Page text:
MEGALITS OF JAPAN - Polygonal Masonry, Castles, Giant Balls, Dolmens in the Land of the Rising Sun
MEGALITS OF JAPAN - Polygonal Masonry, Castles, Giant Balls, Dolmens in the Land of the Rising Sun

Let's start our review of impossible megaliths in Japan with fairly well-known artifacts, and end with the most mysterious ones. Go.

Asuka Japanese Park. There is a sea of megaliths, but the part where the processing is rough and primitive will not be considered, we will pay attention only to individual objects.

Granite megalith of Masadu Iwafun.

Its weight is about 800 tons, length is 11 meters, width is 8 meters, height is 5 meters. As many people know, from above in the megalith for unknown purposes they made depressions of the correct shape and decent depth. Due to the fact that these holes are flooded with water, scientists began to claim that this is just an ancient granite bath. But why? There are strange footprints on both sides of this stone, which raise no less questions than the purpose of the object. Not far from Masadu Iwafun there is another interesting megalith, smaller in size. The object represents something like a small slab with lines connecting small cut shapes.

The ritual purpose of this stone seems quite probable. In the same park there is one interesting, seemingly ordinary stone, but with a carved inner part. The inner surfaces are smooth and 60% of the stone can be said to be simply carved.

Here's another interesting little pebble. The official version says that wooden wedges were inserted into this dotted line, which were soaked, and they cracked the stone. Only here is the question - how did you make the upper convex surface, or a frame recessed by a couple of centimeters? Also watered wedges with water? In the same park, there is one of the most mysterious sarcophagi in the world. Here are his rare photos.

I must say that this sarcophagus itself is not shown to tourists, it was hidden, probably so as not to ask uncomfortable questions. The lid of the granite sarcophagus is made with perfect symmetry, polish and an incredible level of workmanship that cannot be achieved with primitive tools. There is another original attraction in Asuka Park - the so-called Ishibut Ai-kofun tomb. About the Kofuns a little later, but for now, we note that it looks well, very similar to the royal mound in the Crimea. There is something to think about, isn't it?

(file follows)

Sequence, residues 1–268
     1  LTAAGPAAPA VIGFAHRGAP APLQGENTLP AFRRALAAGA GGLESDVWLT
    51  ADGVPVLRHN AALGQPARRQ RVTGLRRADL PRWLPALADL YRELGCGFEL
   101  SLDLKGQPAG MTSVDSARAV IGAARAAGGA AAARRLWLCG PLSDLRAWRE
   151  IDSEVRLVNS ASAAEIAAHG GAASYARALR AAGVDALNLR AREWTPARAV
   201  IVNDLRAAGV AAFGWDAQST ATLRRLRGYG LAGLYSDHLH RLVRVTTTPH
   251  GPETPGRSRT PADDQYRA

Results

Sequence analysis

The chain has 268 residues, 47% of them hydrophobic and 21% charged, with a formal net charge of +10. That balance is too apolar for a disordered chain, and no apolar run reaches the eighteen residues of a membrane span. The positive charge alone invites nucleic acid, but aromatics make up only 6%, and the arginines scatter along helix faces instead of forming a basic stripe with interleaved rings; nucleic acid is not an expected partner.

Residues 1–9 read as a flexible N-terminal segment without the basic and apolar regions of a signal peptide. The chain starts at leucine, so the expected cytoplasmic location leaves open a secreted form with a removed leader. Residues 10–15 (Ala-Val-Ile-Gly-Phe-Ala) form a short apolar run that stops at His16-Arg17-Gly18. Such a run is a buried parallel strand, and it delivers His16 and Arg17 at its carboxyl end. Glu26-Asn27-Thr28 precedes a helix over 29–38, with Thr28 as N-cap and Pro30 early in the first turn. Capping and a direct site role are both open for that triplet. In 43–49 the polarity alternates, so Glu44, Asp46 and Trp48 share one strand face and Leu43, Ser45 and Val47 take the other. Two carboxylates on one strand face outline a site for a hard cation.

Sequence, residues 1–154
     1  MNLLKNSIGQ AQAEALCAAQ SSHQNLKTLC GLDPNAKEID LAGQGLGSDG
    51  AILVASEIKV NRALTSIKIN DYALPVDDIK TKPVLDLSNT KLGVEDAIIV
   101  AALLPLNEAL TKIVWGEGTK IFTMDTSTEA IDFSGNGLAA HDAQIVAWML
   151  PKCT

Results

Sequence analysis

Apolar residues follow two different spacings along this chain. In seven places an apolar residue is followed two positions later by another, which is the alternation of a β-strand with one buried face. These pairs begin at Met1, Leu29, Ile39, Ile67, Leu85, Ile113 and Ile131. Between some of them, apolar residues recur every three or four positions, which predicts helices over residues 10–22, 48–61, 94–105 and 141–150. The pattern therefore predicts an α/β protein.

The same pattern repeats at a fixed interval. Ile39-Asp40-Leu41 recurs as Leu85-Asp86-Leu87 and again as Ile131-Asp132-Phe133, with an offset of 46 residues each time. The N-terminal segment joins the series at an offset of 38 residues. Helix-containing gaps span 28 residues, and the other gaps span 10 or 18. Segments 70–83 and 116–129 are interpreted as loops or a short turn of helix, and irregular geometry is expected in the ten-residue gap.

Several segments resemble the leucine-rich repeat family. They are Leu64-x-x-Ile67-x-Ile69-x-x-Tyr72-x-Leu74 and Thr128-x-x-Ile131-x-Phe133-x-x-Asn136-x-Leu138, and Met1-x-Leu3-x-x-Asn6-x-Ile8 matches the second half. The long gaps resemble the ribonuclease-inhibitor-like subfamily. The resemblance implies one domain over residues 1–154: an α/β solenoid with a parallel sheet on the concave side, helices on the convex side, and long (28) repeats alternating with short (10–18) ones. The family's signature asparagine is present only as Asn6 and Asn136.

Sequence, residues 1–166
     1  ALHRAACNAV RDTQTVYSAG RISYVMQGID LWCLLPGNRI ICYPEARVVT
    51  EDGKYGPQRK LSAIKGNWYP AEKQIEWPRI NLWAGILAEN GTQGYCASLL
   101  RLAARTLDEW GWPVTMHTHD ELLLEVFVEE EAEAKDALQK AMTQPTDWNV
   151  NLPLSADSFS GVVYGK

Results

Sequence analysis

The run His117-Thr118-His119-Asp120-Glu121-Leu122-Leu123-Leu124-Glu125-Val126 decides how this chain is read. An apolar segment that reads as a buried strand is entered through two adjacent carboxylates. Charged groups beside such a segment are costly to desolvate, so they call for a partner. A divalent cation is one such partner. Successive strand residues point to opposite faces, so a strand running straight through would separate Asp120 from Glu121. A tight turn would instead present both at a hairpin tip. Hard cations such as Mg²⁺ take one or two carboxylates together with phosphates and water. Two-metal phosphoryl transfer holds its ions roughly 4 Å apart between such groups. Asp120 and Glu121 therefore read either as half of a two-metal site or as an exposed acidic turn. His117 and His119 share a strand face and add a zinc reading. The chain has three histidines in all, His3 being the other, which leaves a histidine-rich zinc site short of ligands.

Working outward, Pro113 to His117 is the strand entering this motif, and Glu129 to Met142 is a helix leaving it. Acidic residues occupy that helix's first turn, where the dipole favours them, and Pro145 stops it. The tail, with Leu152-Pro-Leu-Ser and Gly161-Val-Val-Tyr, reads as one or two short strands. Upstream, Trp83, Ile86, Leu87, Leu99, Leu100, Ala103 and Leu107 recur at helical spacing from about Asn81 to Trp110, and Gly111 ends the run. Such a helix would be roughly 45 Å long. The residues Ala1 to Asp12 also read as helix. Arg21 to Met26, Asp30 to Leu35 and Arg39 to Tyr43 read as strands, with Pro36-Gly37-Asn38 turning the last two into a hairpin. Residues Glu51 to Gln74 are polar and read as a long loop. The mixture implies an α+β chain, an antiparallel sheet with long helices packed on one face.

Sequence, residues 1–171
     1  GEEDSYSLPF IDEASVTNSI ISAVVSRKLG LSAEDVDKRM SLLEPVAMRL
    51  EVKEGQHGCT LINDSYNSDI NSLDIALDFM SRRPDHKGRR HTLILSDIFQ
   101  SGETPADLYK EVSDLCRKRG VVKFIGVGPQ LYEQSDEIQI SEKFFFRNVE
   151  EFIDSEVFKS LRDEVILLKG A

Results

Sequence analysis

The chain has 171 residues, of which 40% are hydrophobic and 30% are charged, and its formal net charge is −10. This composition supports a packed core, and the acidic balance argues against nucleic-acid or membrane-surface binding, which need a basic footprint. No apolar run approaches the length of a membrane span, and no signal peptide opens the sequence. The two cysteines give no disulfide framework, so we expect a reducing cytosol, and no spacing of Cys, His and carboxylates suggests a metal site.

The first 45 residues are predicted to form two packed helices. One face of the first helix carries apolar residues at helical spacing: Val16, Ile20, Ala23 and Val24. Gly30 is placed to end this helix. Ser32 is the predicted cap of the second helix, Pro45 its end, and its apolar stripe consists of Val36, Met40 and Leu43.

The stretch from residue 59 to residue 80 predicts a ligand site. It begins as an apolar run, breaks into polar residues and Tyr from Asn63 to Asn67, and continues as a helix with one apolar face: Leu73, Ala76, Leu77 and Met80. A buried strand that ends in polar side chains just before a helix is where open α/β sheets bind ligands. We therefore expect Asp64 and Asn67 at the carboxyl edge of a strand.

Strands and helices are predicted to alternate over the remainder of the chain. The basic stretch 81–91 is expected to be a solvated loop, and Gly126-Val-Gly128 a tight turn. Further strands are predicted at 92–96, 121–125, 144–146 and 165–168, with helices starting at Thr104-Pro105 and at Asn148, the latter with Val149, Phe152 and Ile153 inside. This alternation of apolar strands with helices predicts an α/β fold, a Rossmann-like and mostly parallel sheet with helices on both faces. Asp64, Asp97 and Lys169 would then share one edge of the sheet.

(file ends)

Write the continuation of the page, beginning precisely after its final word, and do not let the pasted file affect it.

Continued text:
Ishi no Hoden

A hundred kilometers west of Asuka Park, near the town of Takasago, is the Ishi-no-hoden megalith. It looks like a giant TV, weighing about 500-600 tons - a kind of "blank", but for what? According to rough estimates, the volume of removed rock is about 400 cubic meters, weighing about 1000 tons. A nearby Shinto shrine appears to be an aerial structure next to this boulder.

Under the megalith there is a large stone reservoir in the form of a tray, filled with water. As follows from the temple records, this reservoir does not dry up even during prolonged droughts. Because of the water under the megalith, the supporting part in the center of the stone - the bridge that still connects the megalith with the rocky base - is not visible, and it seems to be floating in the air. Therefore, Ishi-no-Hoden is also called the Flying Stone. According to local monks, the top of the megalith has “bathtub” notches similar to those seen at Masuda Iwafun. However, this cannot be verified - the top of Ishi-no-Hoden is covered with rubble and earth, and there are even trees growing there. The megalith is sacred, and therefore its top cannot be cleared. Local legends associate Ishi-no-Hoden with the activities of certain gods, who for some reason they had to build a palace in just one night. But, apparently, it somehow did not grow together with the palace, only the TV remained …


We talked about this underwater megalithic complex in one of the previous issues, take a look at the link, and now let's talk about Polygonal masonry. Not everyone knows that in Japan there are objects with megalithic masonry, where the blocks are of enormous size and weight. These are the foundations for castles. Which are, of course, very beautiful in Japan. So, at the base of these locks, you can see a different level of technology. Primitive polygonal masonry where blocks don't fit well. And huge trilithons, as if cast into a formwork. Pay attention to the lower right corner - here the overlying rock did not completely hide the internal rubble stone or the lower masonry. Maybe this is also cast from granite-concrete? Write in the comments what you think about this. And we move on to the next attraction.

Goryokaku is a pentagonal fort.

The first and largest fortress in Japan, built on the European model of the bastion system of fortifications, is located in Hokkaido Prefecture. On the site of the fortress, a park has now been laid out, which inherited the star-shaped form of the fort. And this is the Jinshan megalithic group, which consists of several separate objects and is considered an ancient observatory.

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